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Everyone wants their favorite phone or laptop to get an awesome repairability score. So do we! Unfortunately, we don’t make the rules. Wait a minute—we do make the rules! At iFixit we’ve been wrenching on gadgets of all kinds for two decades, so we’ve developed strong opinions about what makes something easy to fix, or not. The iFixit repairability score, first introduced all the way back in 2011...

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wsyedx
428 days ago
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Hamburg, Germany
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DOES YOUR FLAG FAIL? Grey Grades The State Flags!

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Thank You, Patreon Executive Producers, For Making This Video Possible.

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wsyedx
438 days ago
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Hamburg, Germany
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MRI Resolution Progresses From Millimeters to Microns

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Neuroscientists have been mapping and recreating the nervous systems and brains of various animals since the microscope was invented, and have even been able to map out entire brain structures thanks to other imaging techniques with perhaps the most famous example being the 302-neuron brain of a roundworm. Studies like these advanced neuroscience considerably but even better imaging technology is needed to study more advanced neural structures like those found in a mouse or human, and this advanced MRI machine may be just the thing to help gain better understandings of these structures.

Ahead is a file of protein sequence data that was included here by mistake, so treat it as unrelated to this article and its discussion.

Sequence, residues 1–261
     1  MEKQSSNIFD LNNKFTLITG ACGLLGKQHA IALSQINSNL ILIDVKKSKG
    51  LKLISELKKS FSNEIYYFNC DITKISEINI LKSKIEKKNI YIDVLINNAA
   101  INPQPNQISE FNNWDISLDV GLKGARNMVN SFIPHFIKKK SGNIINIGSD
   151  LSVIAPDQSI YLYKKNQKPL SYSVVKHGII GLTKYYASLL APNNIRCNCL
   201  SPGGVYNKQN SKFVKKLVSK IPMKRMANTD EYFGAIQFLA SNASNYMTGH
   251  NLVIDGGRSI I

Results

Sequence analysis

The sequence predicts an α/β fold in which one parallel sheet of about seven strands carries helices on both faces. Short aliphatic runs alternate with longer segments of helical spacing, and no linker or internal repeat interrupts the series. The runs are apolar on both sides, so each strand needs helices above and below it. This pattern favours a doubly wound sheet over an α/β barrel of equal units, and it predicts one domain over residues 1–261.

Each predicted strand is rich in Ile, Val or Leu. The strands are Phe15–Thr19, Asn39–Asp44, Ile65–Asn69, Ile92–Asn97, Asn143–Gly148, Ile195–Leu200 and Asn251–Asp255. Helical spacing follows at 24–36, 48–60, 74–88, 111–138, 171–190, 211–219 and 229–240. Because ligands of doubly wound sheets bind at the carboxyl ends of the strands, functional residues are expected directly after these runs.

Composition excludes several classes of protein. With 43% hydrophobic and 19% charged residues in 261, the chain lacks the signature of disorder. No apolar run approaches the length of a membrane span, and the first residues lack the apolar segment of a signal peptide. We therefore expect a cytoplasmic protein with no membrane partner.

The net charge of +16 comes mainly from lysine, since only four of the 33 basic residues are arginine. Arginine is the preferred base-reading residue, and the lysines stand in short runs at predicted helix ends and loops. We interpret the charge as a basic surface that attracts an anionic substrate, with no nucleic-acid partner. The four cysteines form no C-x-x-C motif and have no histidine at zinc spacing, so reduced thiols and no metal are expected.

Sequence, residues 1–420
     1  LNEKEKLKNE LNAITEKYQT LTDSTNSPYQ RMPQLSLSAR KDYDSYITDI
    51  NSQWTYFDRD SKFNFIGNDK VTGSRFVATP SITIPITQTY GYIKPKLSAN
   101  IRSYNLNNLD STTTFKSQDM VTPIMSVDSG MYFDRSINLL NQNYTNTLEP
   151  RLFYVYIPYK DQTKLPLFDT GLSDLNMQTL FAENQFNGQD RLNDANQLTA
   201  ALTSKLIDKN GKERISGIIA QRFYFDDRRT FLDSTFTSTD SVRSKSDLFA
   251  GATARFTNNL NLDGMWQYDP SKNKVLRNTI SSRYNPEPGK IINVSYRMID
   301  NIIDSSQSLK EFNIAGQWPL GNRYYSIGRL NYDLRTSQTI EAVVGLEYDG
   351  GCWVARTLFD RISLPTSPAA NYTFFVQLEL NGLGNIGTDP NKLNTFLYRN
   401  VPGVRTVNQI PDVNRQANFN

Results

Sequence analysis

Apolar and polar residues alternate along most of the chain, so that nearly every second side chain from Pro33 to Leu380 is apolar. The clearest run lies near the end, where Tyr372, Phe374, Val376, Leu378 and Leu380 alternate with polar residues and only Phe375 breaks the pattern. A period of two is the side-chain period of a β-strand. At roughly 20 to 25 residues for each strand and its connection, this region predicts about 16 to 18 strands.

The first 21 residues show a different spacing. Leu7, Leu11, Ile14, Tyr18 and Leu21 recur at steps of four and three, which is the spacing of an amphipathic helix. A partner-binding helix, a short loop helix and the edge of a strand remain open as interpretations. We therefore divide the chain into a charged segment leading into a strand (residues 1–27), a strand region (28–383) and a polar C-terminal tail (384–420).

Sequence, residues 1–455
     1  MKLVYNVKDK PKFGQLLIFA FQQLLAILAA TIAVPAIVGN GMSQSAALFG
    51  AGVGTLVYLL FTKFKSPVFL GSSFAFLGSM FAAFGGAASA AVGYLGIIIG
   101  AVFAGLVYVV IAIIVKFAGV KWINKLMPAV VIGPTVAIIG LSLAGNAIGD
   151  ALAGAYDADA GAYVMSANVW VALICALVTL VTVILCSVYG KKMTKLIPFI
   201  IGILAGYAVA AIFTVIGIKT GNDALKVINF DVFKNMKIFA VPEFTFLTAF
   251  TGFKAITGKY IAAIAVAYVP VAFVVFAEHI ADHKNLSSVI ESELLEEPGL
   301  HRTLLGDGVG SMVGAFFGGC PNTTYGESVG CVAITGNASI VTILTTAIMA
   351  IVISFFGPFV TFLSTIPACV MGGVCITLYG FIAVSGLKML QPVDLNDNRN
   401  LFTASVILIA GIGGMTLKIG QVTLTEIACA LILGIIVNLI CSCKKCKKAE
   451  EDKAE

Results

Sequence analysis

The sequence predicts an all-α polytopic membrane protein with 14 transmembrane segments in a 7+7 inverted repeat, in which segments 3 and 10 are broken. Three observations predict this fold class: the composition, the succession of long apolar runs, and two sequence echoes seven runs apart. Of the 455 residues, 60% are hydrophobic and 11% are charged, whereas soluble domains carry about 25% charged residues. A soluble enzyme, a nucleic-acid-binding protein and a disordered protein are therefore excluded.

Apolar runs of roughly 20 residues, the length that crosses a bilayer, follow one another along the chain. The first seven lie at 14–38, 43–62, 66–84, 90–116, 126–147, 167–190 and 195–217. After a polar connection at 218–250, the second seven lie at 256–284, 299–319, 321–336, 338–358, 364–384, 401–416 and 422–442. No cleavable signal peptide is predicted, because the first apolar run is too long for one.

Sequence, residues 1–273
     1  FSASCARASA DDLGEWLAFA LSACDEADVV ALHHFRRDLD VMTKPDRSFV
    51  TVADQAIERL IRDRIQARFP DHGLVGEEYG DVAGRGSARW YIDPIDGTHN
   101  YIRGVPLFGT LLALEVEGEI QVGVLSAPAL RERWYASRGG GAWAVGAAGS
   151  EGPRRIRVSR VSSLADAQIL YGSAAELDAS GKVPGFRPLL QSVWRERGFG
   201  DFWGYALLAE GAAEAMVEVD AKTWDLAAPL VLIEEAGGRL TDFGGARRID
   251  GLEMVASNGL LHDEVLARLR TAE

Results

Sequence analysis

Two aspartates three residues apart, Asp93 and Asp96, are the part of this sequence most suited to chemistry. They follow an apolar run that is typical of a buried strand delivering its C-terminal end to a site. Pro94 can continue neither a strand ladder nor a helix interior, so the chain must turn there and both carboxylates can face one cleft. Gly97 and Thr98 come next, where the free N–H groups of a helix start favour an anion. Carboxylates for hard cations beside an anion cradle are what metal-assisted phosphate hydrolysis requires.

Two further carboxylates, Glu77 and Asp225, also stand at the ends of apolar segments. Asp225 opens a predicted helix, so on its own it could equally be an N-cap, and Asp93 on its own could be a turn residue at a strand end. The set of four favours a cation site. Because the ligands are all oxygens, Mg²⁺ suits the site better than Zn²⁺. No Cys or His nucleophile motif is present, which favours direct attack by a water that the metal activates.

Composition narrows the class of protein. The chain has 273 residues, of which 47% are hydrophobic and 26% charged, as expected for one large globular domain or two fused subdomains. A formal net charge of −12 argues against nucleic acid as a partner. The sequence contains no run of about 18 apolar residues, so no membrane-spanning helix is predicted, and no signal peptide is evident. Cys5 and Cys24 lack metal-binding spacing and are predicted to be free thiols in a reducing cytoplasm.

A research team led by Duke University developed this new MRI technology using an incredibly powerful 9.4 Tesla magnet and specialized gradient coils, leading to an image resolution an impressive six orders of magnitude higher than a typical MRI. The voxels in the image measure at only 5 microns compared to the millimeter-level resolution available on modern MRI machines, which can reveal microscopic details within brain tissues that were previously unattainable. This breakthrough in MRI resolution has the potential to significantly advance understanding of the neural networks found in humans by first studying neural structures in mice at this unprecedented detail.

The researchers are hopeful that this higher-powered MRI microscope will lead to new insights and translate directly into advancements healthcare, and presuming that it can be replicated, used on humans safely, and becomes affordable, we would expect it to find its way into medical centers as soon as possible. Not only that, but research into neuroscience has plenty of applications outside of healthcare too, like the aforementioned 302-neuron brain of the Caenorhabditis elegans roundworm which has been put to work in various robotics platforms to great effect.

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wsyedx
458 days ago
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Hamburg, Germany